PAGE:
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How do you think that Stevenson wishes us to judge Dr Jekyll's experiments concerning Mr Hyde?

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Introduction

How do you think that Stevenson wishes us to judge Dr Jekyll's experiments concerning Mr Hyde? I think that Stevenson wants the reader to feel that Jekyll gets what he deserves for releasing Hyde. Although I think that this is his overall intention, he gives Jekyll's own justification for it, which dampens the blame from him slightly. However, the justification, when looked at more deeply, conveys another message from Stevenson, that Jekyll knows what he is doing and therefore commits a crime in releasing Hyde. Stevenson shows his feelings about Hyde and about Jekyll's guilt by lavishing Hyde with horrible descriptions. These fall into four main categories, the darkness, the evil, the animal, and peoples reaction to Hyde. Firstly, whenever Hyde appears, it is always 'night' or 'twilight' showing that there is something dark and mysterious about him. Hyde's eyes have a 'blackness' in them which terrifies people. There are several references to 'fire' and 'hell', suggesting that Hyde is a daemon, that has been released from hell. ...read more.

Middle

Perhaps the most startling aspect of Hyde is that when Jekyll showed Lanyon that he is, in fact, Hyde, Lanyon is so sickened by the thought of it that he becomes ill and dies in a few weeks. This shows absolutely that Jekyll does a terrible thing in unleashing Hyde, and actually telling somebody caused them to die, and Lanyon is one of Jekyll's closest friends. These images are put into the story frequently, and the effect of this is to make the reader feel that Jekyll has released a being so foul that he deserves whatever punishment he got. And still Stevenson piles it on. He goes into horrific detail about Hyde brutally murdering Sir Danvers Carew, this is clear evidence that he wishes us to feel that Jekyll is to blame for his own experiments. Stevenson's description of the murder is really "over the top", it starts off with Hyde having an 'ill-contained impatience'. Sir Danvers Carew is merely 'inquiring his way' to Hyde when he 'broke out' with a 'great flame of anger'. ...read more.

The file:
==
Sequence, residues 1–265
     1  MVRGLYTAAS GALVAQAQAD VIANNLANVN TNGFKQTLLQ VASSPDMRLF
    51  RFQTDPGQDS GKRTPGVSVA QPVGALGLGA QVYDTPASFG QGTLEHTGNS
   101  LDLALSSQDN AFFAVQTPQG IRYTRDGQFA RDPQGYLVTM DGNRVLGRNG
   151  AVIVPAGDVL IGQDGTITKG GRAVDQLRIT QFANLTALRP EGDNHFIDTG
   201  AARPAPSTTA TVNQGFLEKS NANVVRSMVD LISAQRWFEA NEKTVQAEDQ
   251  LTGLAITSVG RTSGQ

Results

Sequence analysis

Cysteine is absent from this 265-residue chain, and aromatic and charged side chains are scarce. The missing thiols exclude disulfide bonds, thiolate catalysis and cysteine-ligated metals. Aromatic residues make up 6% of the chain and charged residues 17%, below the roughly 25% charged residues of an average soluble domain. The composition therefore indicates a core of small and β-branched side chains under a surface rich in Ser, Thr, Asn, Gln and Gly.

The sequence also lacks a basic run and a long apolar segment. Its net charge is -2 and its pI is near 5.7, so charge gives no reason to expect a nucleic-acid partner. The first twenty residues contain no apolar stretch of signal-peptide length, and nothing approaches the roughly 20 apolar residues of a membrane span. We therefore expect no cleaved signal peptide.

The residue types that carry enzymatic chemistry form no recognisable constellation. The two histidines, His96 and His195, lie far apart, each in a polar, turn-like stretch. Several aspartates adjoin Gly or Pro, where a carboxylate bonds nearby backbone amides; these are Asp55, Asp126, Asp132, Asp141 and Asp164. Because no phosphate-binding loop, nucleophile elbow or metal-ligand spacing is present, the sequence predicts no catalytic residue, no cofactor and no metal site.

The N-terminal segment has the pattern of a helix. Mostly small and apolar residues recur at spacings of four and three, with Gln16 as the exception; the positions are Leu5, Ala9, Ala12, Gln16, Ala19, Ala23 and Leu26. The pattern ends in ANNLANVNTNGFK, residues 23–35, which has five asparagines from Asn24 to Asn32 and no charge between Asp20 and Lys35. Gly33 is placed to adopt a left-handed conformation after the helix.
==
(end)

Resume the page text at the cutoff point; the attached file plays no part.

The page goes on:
Conclusion

Jekyll pays for his crimes heavily though, and this is one of the very few times in the story when Stevenson releases Jekyll from the blame. Jekyll is put to considerable expense to pay for Hyde's actions. When he tramples over the girl, he is forced to pay �100 to her parents. Not to mention the fact that he loses one of his closest friends by telling him and ends up committing suicide to pay for it. But I think that Stevenson wishes us to view even these with severity; firstly, Jekyll taunts Lanyon by bribing him with, 'power' and 'knowledge', in such a way that Lanyon cannot have refused to know what Hyde's secret is. On telling Lanyon, Lanyon dies. Jekyll wants to tell him about his experiments, he wanted to show off, and he insults Lanyon by referring to himself as his 'superior'. Jekyll obviously enjoys being Hyde, because he suffers a horrible pain when he transforms into him, and would not bother to do it if he wanted to. Sometimes, Jekyll has to 'triple' the dosage in order to transform, something that he wouldn't do unless he is willing to risk his life to transform. ...read more.

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